1. "Your Charming Proposal" by Hey John, Bees
A 1-minute GBV rock song in the classic tradition: a fuzzy sound, melodic guitars, and Pollard singing a melody that reaches its height right as the song ends, abruptly and sweetly. A welcoming song, though of course mysterious: "I'll be spending my money on your charming proposal!"
2. "Late Night Scamerica" by Alvin Haisles
Just Pollard's voice and guitar for a minute and a half, but in the driving guitar you can hear what this would sound like as a full-band number, imagine it as a slightly dark yet uplifting rocker, picture fans pumping their fists in the air. The lyrics sometimes come off like part of a fairy tale, but mostly resonate with real-world bitterness.
3. "I Am Decided" by Timid Virus
Pollard's original version of the song tackled by Kim Deal and her band for the Amps lone album (and combined with elements of Disc 2's "Are You Faster" by Christopher Lightship). Here it's a ragged great arena-rocker, big and catchy and energetic.
4. "Home By Ten" by The Inbrids
Buoying up a friend's spirits by encouraging nights of sin and gun-toting. "You claim that the world's unkind / but most of them have to be home by 10". The nights are ours, we can do anything we want. Freedom encapsulated in a great understated melody and persistent rock n' roll guitars.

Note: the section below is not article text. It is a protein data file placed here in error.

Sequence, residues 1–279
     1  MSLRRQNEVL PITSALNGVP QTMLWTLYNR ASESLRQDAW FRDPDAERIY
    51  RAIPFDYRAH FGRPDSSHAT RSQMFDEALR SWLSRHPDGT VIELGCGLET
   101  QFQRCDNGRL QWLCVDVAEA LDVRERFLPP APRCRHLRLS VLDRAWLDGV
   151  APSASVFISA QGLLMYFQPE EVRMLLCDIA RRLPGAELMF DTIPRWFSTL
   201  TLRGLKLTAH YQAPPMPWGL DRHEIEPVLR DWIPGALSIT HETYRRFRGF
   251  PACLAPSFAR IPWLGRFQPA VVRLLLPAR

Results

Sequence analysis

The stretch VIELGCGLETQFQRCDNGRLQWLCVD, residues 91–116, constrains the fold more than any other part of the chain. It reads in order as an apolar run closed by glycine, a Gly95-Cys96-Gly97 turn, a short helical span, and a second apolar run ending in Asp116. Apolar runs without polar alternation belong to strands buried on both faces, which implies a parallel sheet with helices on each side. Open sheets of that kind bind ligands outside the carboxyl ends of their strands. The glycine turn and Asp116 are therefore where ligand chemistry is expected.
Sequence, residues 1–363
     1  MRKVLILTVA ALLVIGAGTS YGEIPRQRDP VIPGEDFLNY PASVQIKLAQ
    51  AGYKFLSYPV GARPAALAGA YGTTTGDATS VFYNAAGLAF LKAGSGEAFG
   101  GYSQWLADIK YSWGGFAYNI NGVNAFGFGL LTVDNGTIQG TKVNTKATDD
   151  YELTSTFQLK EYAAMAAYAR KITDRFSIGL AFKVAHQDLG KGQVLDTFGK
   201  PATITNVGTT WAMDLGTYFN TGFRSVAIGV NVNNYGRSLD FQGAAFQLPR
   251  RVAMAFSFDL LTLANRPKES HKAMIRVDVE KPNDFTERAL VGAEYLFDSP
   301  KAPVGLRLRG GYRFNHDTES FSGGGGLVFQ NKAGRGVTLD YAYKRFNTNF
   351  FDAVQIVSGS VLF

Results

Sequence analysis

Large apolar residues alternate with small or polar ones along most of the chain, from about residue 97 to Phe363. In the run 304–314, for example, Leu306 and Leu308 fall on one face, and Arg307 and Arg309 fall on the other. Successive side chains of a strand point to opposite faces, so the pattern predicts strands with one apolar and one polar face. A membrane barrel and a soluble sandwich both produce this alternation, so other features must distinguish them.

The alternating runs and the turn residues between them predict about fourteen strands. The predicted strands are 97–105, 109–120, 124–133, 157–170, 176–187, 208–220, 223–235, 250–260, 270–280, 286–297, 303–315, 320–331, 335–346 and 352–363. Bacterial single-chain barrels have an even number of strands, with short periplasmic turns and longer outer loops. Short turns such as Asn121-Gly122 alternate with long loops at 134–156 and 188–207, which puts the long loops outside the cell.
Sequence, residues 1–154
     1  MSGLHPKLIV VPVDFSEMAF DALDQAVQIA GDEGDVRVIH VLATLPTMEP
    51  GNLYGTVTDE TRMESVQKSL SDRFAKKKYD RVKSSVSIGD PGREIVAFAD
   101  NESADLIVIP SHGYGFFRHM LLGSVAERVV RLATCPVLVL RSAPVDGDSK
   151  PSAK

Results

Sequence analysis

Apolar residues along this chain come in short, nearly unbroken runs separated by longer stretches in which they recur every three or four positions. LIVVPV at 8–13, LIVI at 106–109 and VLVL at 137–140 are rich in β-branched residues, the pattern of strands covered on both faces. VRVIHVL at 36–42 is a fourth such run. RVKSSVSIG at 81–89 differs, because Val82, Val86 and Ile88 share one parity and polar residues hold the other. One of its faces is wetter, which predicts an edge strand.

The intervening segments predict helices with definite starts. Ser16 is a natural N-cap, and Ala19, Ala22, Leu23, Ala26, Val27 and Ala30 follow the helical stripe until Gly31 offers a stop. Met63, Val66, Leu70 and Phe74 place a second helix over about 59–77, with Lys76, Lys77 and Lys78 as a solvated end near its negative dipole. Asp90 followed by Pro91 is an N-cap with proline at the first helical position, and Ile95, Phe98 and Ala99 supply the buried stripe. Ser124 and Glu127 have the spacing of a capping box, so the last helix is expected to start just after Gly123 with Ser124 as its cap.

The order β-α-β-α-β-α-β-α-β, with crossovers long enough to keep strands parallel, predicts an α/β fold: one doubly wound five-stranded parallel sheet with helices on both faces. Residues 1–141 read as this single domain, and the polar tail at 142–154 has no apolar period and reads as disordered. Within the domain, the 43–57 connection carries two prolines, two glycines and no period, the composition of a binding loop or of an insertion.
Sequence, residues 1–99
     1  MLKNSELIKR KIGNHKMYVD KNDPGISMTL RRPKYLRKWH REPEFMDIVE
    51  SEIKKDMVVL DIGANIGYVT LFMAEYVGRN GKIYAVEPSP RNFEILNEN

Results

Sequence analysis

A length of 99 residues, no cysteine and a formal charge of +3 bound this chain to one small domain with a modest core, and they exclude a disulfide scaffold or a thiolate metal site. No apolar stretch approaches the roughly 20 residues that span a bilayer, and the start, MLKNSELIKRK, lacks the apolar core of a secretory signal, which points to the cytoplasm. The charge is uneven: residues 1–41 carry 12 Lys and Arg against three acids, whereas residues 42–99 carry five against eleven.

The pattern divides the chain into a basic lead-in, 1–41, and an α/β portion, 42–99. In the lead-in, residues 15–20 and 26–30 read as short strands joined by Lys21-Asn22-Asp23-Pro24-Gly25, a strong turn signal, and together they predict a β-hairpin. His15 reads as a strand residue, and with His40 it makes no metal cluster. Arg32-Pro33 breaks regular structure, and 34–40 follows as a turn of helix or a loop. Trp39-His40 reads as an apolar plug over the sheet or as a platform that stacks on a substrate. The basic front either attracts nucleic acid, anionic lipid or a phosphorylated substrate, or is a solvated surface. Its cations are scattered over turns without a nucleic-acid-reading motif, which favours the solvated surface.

5. "Somewhere Sometime" by Billy Ray Human
On the surface, a more generic pop/rock love song, recorded in 1978. The lyrics are as straightforward as can be, but in Pollard's singing is a lot of yearning, a lot of heart. A catchy song that has mystery to it besides its surface, yet only really gives a sense of how great a songwriter Pollard would have been even if he followed conventions and didn't let his imagination run wild.
6. "You're Not the Queen Anymore" by Scott Joy
Its melody somehow evokes "Leaving on a Jet Plane" at one small point, Pollard's guitar-playing sounds very reminiscent of various quick acoustic ballads from GBV's past, yet the song, which ultimately reveals itself to be a bittersweet kiss-off, has an intimacy beyond belief for such a trifle of a song.
7. "Jimmy's Einstein Poster" by Yummy Ropes
"Oh, Jimmy's Einstein poster / he hangs it on the wall / and he looks at it to make him smarter everyday". Ready for the singalong?
8. "Dusty Bushworms" by The Plexigrall Bee-Hive
One of the great enigmatic, romantic GBV songs (from one of their finest of little releases, the Get Out of My Stations EP), a testament to the power of song, "Dusty Bushworms" here sounds a bit clearer, but then there's these weird cricket-noise guitar effects all over the place. They don't really add anything to the song, but nothing needs to be added, and it's hard to detract from the song's beauty.
9. "Soggy Beavers" by Milko Waif
A crass 45-second reminder where Pollard's mind is at, that beneath the surface GBV songs are really all about sex.
10. "Stingy Queens" by Seraphim Barf
From the sessions for the aborted 1996 album The Power of Suck, Pollard sings a gorgeous melody and fumbles his way through brillant, messy lyrics that already seem very stream-of-consciousness. It's a portrait of the U.S. as a place where people get technology-obsessed while dogs are dying and lost kids are crying, but occasionally it's also a drinking song (of course), a tear-stained confession, a fever dream, a fairy tale.
11. "Happy at the Drag Strip" by Herkimer Mohawk